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Once broke, former Ute Luther Elliss is back in the game

By Rod Zundel | Posted - Jan. 24, 2016 at 8:28 p.m.

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SALT LAKE CITY — Former Utah football player Luther Elliss has been on top of the mountain and then on the bottom. He became an all-too familiar NFL player statistic — going bankrupt.

But his story has a happy ending.

Elliss was living the NFL dream, making millions and raising a large family. But after his playing days, he lost all of his money — and had to fight back through tough times to get back to the NFL.

This Sunday, he will be part of the Denver Broncos staff as they take on the Patriots for a spot in the Super Bowl. Elliss is the team chaplain.

After wrapping up an All-American career with the Utes in 1994, Ellis was the 20th overall pick of the Detroit Lions. Luther spent ten years in the NFL, two Pro bowls and became the highest paid defensive lineman in the league. Earning nearly $12 million in a five-year span, he lost it all shortly after retiring in 2004.

"I was involved in a few businesses, trying to make those businesses go," Elliss said. "Then like so many of us statistically, guaranteed the businesses, did those kinds of things. Eventually I had to pay for most of those businesses, which took all of our savings, took everything we had earned up to that point and time; so we went through bankruptcy."

Detroit Lions rookie defensive end Luther Elliss dives for the arms of a practice dummy during a training camp exercise to knock the ball out of a quarterbacks hands, July 22, 1995, in Pontiac, Mich. Elliss was the Lions first round draft pick. (Photo: Duane Burleson, AP Photo)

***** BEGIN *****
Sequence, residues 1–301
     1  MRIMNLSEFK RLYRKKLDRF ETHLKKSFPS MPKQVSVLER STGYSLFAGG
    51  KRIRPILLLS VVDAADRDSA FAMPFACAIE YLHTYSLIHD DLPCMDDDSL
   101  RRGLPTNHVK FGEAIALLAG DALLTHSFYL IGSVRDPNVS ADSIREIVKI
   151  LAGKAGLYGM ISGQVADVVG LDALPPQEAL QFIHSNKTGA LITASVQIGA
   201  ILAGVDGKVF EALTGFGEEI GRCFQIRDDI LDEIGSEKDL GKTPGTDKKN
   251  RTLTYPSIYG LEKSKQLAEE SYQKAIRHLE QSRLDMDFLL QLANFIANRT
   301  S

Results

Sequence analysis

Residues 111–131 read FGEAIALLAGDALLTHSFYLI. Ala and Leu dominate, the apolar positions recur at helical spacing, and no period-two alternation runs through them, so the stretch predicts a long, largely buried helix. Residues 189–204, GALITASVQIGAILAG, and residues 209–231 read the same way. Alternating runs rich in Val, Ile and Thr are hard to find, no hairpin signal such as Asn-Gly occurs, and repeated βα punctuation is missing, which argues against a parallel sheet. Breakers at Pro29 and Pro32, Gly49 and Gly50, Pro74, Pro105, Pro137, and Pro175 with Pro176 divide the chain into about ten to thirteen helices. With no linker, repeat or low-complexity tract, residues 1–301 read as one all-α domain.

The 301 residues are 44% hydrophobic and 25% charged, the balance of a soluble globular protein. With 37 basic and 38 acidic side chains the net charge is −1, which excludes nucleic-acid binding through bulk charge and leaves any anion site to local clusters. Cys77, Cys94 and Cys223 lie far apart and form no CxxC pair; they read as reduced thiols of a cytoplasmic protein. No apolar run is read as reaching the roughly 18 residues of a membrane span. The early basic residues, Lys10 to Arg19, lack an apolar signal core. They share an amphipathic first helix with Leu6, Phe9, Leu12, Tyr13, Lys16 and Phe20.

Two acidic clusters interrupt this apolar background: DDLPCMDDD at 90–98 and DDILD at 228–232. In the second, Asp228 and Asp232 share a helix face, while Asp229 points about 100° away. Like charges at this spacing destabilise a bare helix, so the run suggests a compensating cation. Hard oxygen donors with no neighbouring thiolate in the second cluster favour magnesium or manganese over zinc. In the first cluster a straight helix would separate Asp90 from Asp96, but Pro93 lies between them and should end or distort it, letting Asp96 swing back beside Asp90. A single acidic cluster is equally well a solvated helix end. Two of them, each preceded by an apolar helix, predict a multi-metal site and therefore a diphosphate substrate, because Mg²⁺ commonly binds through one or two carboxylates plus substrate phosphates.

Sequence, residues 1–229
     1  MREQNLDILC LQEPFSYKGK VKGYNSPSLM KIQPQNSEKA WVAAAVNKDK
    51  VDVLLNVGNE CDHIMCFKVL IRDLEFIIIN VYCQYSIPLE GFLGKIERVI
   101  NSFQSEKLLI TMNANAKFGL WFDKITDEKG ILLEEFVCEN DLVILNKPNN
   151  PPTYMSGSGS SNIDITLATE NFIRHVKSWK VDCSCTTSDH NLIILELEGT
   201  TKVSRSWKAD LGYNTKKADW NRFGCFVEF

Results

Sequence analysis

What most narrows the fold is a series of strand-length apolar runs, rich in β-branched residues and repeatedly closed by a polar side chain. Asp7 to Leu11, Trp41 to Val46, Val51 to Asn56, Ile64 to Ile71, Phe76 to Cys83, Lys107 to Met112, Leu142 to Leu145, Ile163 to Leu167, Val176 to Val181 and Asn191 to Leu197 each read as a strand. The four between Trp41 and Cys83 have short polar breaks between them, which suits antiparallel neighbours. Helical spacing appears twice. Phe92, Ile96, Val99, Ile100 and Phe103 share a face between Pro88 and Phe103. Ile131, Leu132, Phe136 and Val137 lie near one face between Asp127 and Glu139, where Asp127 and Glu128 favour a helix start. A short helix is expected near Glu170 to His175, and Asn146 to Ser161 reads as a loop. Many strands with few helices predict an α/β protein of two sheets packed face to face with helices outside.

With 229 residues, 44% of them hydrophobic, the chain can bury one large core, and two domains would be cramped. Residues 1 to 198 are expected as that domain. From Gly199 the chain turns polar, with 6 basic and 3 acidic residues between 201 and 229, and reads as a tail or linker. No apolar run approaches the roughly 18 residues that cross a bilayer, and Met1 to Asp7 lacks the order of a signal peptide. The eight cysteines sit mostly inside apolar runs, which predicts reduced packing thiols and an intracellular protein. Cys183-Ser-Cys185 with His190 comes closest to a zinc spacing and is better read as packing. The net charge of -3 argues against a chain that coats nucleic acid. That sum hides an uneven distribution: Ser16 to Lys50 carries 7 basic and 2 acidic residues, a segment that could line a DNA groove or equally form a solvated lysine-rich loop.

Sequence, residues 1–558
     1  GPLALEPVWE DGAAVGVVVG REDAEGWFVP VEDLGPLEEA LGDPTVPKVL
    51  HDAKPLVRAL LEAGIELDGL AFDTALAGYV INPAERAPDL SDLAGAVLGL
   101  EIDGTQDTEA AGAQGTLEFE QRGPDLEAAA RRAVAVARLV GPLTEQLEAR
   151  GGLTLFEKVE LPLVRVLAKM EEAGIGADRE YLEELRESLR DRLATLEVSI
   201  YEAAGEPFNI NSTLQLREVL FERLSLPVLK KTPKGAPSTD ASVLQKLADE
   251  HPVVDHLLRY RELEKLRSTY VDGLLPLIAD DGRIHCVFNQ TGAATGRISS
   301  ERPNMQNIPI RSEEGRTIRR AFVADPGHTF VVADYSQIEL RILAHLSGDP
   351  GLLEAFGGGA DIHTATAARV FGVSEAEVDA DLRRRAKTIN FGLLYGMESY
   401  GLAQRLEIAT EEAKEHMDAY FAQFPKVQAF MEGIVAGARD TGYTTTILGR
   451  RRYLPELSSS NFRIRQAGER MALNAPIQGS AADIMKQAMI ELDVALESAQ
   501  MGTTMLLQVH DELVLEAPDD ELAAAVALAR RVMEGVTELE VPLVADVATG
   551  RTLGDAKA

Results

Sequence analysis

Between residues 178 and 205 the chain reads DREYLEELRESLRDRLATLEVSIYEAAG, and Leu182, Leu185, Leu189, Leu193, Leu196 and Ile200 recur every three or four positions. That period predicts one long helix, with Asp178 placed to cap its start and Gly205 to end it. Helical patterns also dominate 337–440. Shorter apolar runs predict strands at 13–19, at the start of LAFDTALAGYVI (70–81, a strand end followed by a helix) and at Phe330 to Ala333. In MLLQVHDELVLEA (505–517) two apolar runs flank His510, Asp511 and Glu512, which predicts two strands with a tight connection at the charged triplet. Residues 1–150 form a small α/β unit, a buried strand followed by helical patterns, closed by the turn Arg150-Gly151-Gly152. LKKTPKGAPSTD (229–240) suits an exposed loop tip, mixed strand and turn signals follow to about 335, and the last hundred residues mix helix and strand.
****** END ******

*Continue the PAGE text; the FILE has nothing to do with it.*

From millionaire to flat broke. For the first time in his life, he had failed.

"I call it the Superman syndrome, its an instant where honestly most of us have never failed, anything we kind of touch turns to gold," Elliss said. "We kind of have that Midas touch a little bit to where, I can be successful at this cause whether its on the field or off the field, in the community, pretty much anything I do is pretty successful but this is a whole other world."

Luther returned to Salt Lake City with nothing but he didn't give up. While watching his kids compete at Judge Memorial High School, Luther relied on his faith to pull him up from rock bottom.

"We helped start a church in Salt Lake City, Utah. A church that just blew up, did really well, the people really like it," he said. "Non-denominational, straight from the word and just have fun with church. Then from that moment in time, to working for some software companies, then getting the call."

That call was from the Denver Broncos, wanting him to bring his faith and life experiences to Denver to serve as the Broncos team chaplain.

"Through a lot of prayer and through my wife and I discussing it and praying about it, we really felt like this was the right time and what I should be doing," Elliss said. "It's my passion. If I had known what I know now, if I could go back a few years and fly that how much different things would be. So if I can take that knowledge I have now and share it with these younger guys and reach out to them and just be here. Be here for them as a mentor, a spiritual leader, Whatever it may be.

"Just whatever capacity they need, just somebody they can hopefully relate to."

Elliss' life has now come full circle, from millionaire player to wondering how to pay for a family meal. He is now back in the game that he loves. Supporting his wife and 12 children, seven of whom are adopted.

"Most statistics also not only do we go through bankruptcy, show that we usually end up in divorce, homeless and without a job and those types of things," Elliss said. "But I do believe truly that because of our faith not only mine but my wife's faith and our trust in the lord that one, we stay together. We have twelve children we trusted him to be able to provide for them and that he'd help carry us through. With God all is provided."

Rod Zundel

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